More Highway Code Changes This Year

Tue 26th Apr 2022

After making the biggest changes to the Highway Code in a generation, the Department for Transport has announced that the rules of the road will change once again later this year to account for self-driving technology.

The Government has given the green light to a raft of new regulations on automated vehicles, with the technology being allowed on UK motorways up to speeds of 37mph. The new self-driving laws will allow drivers using the approved technology to take their eyes off the road to watch films, read emails and even surf the internet on built-in displays on the cars - even when the car is moving.

The change to legislation has brought with it a number of questions and queries, which are all set to be addressed in the the changes to the Highway Code planned for later in the year. But it is important to note that insurance firms, not the drivers, will be liable for any damages which occur while the self-driving tech is active. This could drive-up insurance premiums for those who drive cars with this technology in the short-term, at least until full legislation is passed in 2025, which is likely to pass on the liability to the motor companies.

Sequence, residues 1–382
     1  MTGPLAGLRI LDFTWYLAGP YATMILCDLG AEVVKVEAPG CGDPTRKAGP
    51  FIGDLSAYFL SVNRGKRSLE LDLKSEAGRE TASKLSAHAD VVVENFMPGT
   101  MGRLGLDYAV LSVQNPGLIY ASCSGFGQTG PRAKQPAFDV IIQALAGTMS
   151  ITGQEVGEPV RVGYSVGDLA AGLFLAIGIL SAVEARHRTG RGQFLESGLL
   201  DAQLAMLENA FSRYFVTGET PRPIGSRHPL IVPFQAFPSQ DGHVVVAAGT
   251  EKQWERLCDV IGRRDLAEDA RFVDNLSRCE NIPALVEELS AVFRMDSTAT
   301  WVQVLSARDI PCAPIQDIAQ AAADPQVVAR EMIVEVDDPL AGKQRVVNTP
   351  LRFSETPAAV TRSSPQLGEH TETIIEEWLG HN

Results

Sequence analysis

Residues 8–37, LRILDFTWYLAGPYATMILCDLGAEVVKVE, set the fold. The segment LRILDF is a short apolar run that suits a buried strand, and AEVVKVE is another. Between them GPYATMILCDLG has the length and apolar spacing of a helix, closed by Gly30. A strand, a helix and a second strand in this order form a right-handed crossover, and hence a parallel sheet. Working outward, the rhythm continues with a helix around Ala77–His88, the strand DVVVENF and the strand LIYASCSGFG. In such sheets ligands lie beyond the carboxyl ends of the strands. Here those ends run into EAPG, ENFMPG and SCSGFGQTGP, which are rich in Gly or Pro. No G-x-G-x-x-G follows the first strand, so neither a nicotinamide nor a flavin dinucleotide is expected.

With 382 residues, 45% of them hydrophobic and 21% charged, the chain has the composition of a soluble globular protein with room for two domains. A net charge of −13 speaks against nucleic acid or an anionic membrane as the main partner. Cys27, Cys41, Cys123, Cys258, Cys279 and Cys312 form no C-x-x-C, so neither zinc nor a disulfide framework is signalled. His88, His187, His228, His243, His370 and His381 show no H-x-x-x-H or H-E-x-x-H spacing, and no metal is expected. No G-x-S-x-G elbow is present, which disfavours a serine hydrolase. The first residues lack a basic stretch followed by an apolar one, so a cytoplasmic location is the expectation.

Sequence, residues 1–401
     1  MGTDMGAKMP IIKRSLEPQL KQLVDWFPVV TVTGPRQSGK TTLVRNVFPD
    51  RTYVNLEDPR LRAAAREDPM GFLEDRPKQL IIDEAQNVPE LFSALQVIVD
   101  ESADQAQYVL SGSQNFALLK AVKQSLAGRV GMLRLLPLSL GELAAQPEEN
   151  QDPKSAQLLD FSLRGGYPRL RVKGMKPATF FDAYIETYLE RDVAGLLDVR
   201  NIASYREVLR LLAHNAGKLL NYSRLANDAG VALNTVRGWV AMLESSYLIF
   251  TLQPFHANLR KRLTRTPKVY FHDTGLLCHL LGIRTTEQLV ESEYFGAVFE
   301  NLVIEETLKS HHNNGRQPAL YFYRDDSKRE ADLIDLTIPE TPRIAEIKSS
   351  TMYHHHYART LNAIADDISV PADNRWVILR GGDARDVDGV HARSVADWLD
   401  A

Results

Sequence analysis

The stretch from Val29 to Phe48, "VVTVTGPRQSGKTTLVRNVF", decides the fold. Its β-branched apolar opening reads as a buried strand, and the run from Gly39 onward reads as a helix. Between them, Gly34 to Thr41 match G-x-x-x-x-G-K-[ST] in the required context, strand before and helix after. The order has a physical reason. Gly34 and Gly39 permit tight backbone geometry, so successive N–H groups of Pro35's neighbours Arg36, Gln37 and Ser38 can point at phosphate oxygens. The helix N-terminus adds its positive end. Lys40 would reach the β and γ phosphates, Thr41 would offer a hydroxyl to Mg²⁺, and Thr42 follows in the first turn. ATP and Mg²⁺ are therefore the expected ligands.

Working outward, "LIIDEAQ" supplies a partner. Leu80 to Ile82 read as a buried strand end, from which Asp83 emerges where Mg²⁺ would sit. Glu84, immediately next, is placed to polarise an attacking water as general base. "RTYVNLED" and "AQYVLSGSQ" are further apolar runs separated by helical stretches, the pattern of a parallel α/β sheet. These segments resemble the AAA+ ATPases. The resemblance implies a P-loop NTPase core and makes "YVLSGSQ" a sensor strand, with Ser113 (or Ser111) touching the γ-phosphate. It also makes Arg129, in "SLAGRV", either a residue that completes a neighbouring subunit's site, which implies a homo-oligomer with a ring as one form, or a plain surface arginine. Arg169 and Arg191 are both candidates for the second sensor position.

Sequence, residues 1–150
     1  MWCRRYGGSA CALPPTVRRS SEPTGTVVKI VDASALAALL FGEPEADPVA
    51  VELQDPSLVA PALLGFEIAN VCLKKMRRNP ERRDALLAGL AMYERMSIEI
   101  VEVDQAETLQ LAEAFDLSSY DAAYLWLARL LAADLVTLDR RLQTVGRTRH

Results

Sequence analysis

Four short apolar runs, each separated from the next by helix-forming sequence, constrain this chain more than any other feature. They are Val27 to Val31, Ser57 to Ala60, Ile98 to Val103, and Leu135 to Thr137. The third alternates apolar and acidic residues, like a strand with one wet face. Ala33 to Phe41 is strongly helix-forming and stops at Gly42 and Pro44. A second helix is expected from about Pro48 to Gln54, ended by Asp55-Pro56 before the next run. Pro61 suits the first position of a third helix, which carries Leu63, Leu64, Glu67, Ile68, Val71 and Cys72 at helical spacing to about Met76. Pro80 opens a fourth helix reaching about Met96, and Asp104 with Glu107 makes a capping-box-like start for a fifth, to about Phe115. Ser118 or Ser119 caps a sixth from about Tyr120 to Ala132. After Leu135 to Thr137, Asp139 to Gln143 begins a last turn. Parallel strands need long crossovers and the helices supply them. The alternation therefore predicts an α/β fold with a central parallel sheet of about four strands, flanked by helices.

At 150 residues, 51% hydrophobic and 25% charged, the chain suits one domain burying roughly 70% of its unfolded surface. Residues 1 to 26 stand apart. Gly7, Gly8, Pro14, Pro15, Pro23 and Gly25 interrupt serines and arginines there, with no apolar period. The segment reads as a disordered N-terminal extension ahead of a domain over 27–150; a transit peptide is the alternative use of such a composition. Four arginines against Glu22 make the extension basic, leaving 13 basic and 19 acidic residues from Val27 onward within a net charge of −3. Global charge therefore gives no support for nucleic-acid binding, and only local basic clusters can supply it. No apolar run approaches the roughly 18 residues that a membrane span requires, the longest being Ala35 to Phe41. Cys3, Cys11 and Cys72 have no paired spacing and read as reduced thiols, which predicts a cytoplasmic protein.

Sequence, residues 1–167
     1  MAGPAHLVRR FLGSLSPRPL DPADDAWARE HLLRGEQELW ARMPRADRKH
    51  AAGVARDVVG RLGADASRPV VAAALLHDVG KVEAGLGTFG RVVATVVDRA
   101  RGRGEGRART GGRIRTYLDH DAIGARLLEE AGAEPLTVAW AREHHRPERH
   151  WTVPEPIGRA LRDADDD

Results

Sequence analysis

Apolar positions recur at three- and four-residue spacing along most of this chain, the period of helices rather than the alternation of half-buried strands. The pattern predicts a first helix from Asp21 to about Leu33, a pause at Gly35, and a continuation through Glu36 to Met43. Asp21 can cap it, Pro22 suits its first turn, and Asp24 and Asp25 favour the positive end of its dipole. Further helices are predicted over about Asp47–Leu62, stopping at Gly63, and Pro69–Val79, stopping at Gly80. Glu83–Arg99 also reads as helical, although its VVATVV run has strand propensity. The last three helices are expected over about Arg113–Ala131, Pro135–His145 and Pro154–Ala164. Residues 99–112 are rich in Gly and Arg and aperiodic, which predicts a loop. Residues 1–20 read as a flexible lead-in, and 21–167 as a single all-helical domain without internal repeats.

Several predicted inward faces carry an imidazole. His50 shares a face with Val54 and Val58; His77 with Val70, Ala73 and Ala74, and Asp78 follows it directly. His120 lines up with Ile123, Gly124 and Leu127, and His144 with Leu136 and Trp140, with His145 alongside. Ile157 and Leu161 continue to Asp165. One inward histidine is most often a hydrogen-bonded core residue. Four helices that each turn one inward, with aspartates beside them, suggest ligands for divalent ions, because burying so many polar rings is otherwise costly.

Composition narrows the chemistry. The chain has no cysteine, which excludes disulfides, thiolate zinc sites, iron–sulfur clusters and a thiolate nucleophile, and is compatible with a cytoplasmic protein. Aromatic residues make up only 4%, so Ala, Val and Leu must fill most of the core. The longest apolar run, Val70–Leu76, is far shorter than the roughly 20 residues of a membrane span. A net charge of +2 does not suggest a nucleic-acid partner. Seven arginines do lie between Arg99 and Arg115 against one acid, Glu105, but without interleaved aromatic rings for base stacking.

The Level 3 Automated Lane Keeping System is already available on the new Mercedes S-Class and is expected to be introduced on other vehicles set for launch in 2022. 

“This is a major milestone in our safe introduction of self-driving vehicles, which will revolutionise the way we travel, making our future journeys greener, safer and more reliable,” said Transport Minister Trudy Harrison.

“This exciting technology is developing at pace right here in Great Britain and we’re ensuring we have strong foundations in place for drivers when it takes to our roads.

“In doing so, we can help improve travel for all while boosting economic growth across the nation and securing Britain’s place as a global science superpower.”

It’s important to note that the ALKS technology in its current form will not allow drivers to use a hand-held mobile phone device as this is considered too distracting for drivers.